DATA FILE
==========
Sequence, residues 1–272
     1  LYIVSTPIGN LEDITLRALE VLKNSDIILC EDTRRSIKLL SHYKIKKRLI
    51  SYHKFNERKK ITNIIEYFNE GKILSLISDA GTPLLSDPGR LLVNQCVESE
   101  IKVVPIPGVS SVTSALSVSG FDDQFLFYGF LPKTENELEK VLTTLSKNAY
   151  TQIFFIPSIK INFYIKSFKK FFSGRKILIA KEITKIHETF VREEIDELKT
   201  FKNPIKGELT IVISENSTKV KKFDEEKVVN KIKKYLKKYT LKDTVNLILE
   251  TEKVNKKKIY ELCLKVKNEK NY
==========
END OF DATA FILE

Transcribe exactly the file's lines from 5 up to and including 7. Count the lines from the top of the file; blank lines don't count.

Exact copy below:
   151  TQIFFIPSIK INFYIKSFKK FFSGRKILIA KEITKIHETF VREEIDELKT
   201  FKNPIKGELT IVISENSTKV KKFDEEKVVN KIKKYLKKYT LKDTVNLILE
   251  TEKVNKKKIY ELCLKVKNEK NY